(Title with thanks to @ChasBrown)


The Background

This challenge is inspired by a question that I recently posted on Puzzling Stack Exchange. Please feel free to follow the link if you are interested in the original question. If not then I won't bore you with the details here.

The Facts

Every printable standard ASCII character has a decimal value between 32 and 126 inclusive. These can be converted to their corresponding binary numbers in the range 100000 to 1111110 inclusive. When you sum the bits of these binary numbers you will always end up with an integer between 1 and 6 inclusive.

The Challenge

Given an integer between 1 and 6 inclusive as input, write a program or function which will output in any acceptable format all of the printable standard ASCII characters where the sum of the bits of their binary value is equal to the input integer.

The Examples/Test Cases

1 -> ' @'
2 -> '!"$(0ABDHP`'
3 -> '#%&)*,1248CEFIJLQRTXabdhp'
4 -> ''+-.3569:<GKMNSUVYZ\cefijlqrtx'
5 -> '/7;=>OW[]^gkmnsuvyz|'
6 -> '?_ow{}~'

An ungolfed Python reference implementation is available here (TIO).

The Rules

  1. Assume the input will always be an integer (or string representation of an integer) between 1 and 6 inclusive.
  2. You may write a program to display the results or a function to return them.
  3. Output may be in any reasonable format but must be consistent for all inputs. If you choose to output a quoted string then the same type of quotes must be used for all inputs.
  4. Standard loopholes prohibited as usual.
  5. This is code golf so shortest code in each language wins.
  • \$\begingroup\$ Are we allowed to return/print a list of the decimal ascii values or do we need to have them in the form of characters (eg. 63 vs ?)? \$\endgroup\$ – Benjamin Urquhart Apr 23 at 19:27
  • 1
    \$\begingroup\$ Must be the actual characters. \$\endgroup\$ – ElPedro Apr 23 at 19:29
  • 7
    \$\begingroup\$ "the same type of quotes must be used for all inputs" Python, for example, uses single quotes (') for the string representation of a string by default, but uses double quotes (") if the string contain a single quote and no double quotes. Not that this specific case will matter much, as you're probably better off returning the actual string instead of its representation, and you can still use single quotes in such a string for input anyway, but I feel it's worth mentioning here. \$\endgroup\$ – Erik the Outgolfer Apr 23 at 19:59
  • \$\begingroup\$ @EriktheOutgolfer Agreed. That is why I thought it might be interesting just to throw that in as an extra rule :-) \$\endgroup\$ – ElPedro Apr 23 at 23:03
  • 1
    \$\begingroup\$ @ElPedro I wasn't sure what to do as it is probably a good idea to have some quotes, as there is a space in the first example, but the usual quotes both appear in the output:) Edit: maybe use french guillemets (« »)? :D \$\endgroup\$ – flawr Apr 24 at 13:11

50 Answers 50


Haskell, 77 bytes

import Data.Char
b 0=0
b k=mod k 2+b(div k 2)
f n=[chr k|k<-[32..126],b k==n]

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Z80Golf, 25 bytes

00000000: cd03 806f 0e20 517d 45cb 3a9b 10fb de30 ...o. Q}E.:....0
00000010: 2002 79ff 0ce2 0600 76                   .y.....v

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  call $8003    ; A = getchar(), e.g. '5'
  ld l, a       ; L = A
  ld c, ' '     ; C = ' '
next:           ; do {
  ld d, c       ;   D = C
  ld a, l       ;   A = L, e.g. '5'
  ld b, l       ;   B = L (way more than enough)
more:           ;   while (--B ≠ 0) {
  srl d         ;       shift D right, bit 0 goes into Carry
  sbc a, e      ;       A -= 0 + Carry
  djnz more     ;   }
  sbc a, '0'    ;   A -= '0' + Carry
  jr nz, omit   ;   if A == 0:
  ld a, c       ;       putchar(C)
  rst $38
  inc c         ;   C++
  jp po, next   ; } until overflow, i.e. stop when C becomes 0x80 = -128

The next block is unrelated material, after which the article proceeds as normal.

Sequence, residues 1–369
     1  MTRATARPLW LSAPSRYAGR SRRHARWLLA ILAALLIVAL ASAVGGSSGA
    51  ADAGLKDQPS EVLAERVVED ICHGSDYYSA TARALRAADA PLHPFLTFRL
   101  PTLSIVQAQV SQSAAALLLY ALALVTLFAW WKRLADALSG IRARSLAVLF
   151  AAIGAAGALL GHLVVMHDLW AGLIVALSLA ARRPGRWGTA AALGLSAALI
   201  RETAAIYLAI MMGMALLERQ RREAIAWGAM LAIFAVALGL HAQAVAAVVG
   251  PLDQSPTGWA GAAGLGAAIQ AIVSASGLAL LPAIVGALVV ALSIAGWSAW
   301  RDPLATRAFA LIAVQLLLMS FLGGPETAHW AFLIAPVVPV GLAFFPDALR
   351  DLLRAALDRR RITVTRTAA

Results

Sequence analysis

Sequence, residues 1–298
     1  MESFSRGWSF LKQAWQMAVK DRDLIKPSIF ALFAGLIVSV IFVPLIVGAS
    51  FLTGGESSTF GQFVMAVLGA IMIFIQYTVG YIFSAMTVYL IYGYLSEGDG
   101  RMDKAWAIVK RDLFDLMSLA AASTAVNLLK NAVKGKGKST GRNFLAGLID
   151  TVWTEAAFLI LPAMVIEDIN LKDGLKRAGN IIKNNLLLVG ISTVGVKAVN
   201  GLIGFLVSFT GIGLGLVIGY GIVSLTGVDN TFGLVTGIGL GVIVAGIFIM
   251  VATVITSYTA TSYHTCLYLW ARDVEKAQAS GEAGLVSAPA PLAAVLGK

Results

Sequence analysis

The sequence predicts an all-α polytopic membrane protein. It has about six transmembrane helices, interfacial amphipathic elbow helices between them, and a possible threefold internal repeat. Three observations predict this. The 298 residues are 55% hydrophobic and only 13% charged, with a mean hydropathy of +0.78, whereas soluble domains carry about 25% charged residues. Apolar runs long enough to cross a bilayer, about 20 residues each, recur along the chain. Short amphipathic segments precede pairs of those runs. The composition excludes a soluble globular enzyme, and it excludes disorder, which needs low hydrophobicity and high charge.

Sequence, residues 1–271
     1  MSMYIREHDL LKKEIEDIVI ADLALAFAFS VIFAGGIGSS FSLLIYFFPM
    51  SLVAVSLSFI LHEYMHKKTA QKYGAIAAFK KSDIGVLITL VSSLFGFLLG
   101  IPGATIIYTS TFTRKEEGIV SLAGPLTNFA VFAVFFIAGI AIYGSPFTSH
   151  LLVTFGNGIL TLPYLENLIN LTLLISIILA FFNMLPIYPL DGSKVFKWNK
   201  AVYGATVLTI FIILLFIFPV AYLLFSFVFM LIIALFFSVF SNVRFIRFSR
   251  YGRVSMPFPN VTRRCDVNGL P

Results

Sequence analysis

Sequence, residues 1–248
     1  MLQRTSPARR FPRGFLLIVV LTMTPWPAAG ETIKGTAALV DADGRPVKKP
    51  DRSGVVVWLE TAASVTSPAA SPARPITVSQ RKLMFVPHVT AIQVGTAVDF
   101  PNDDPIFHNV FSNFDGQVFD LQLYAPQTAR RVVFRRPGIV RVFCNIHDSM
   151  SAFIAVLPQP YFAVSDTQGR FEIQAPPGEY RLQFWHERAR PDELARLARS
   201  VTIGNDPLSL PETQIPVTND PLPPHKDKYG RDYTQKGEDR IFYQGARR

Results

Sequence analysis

Haskell, 61 bytes

f n=[toEnum k|k<-[32..126],sum[k`div`2^i`mod`2|i<-[0..6]]==n]

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The type of f is f :: (Enum t) => Int -> [t]. That's more general than necessary, and it means you need to e.g. putStrLn the result for Haskell to infer that you want a [Char] result.

I don't know what the rules say about that, but replacing toEnum k with ['\0'..]!!k is a workaround costing 3 bytes.


Forth (gforth), 81 bytes

: f 127 32 do 0 i begin 2 /mod >r + r> ?dup 0= until over = if i emit then loop ;

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Code Explanation

: f           \ start a new word definition
  127 32      \ set up loop parameters
  do          \ loop from 32 to 126
    0 i       \ set up values for counting bits
    begin     \ start an indefinite loop
      2 /mod  \ divide by 2 and get quotient and remainder
      >r + r> \ add the remainder to the counter
      ?dup 0= \ check if quotient equals zero
    until     \ end the loop if it is
    over =    \ check if the result equals the input number
    if        \ if it is
      i emit  \ output the char for the current ascii value
    then      \ end the if
  loop        \ end the counted loop
;             \ end word definition

Scala, 88 87 bytes

(y:Int)=>32 to 126 map{x=>BigInt(x).bitCount->x}filter(_._1==y)map(_._2.toChar)mkString
  • \$\begingroup\$ I'm not that familiar with Scala, but are static calls possible like in Java? And if yes, can bytes be saved by changing (y:Int)=> to (y:Integer)=> and Integer.bitCount(x) to y.bitCount(x)? \$\endgroup\$ – Kevin Cruijssen Apr 24 at 13:04
  • \$\begingroup\$ @KevinCruijssen Can't use Integer but I can cast the value to BigInt and use bitCount on that. Thanks! \$\endgroup\$ – Soapy Apr 24 at 14:03

C (GCC) - 134 Bytes

#include <stdio.h>
#include <stdlib.h>
int main(int _,char**v){for(char c=32;c<127;c++)__builtin_popcount(c)-atoi(v[1])||putchar(c);}

Compile with gcc chars.c -o chars, and run the resulting program with the number of bits as the command-line argument.

Compiles with no warnings.

This program utilizes the __builtin_popcount builtin that is present in GCC, which resolves to a POPCNT instruction on most x86 hardware built in the last dozen or so years.


C(MSVC) 50 bytes


C(gcc), 60 bytes


Try it online

  • \$\begingroup\$ Can you not use || instead of ?n:? \$\endgroup\$ – Neil Apr 24 at 8:38
  • \$\begingroup\$ Thank you @Neil \$\endgroup\$ – Johan du Toit Apr 24 at 9:15
  • \$\begingroup\$ You can remove one byte by combining the increment with the check: i;f(n){for(i=32;i++<127;n-__builtin_popcount(i)||puts(&i));} \$\endgroup\$ – LambdaBeta Apr 24 at 18:19

Perl 5 - 42+1

This is a modification of @Xcali solution, saving one character. Perl's unpack has a built-in bit counting mechanism, no need for the mod-9 trick.

#!perl -a

Stax, 7 bytes


Run and debug it

Ungolfed, unpacked, and commented, it looks like this.

Vp  constant for all printable ascii characters
{   start filter block
 :1 "pop-count" of codepoint
 x= equals the input
f   execute filter

Run this one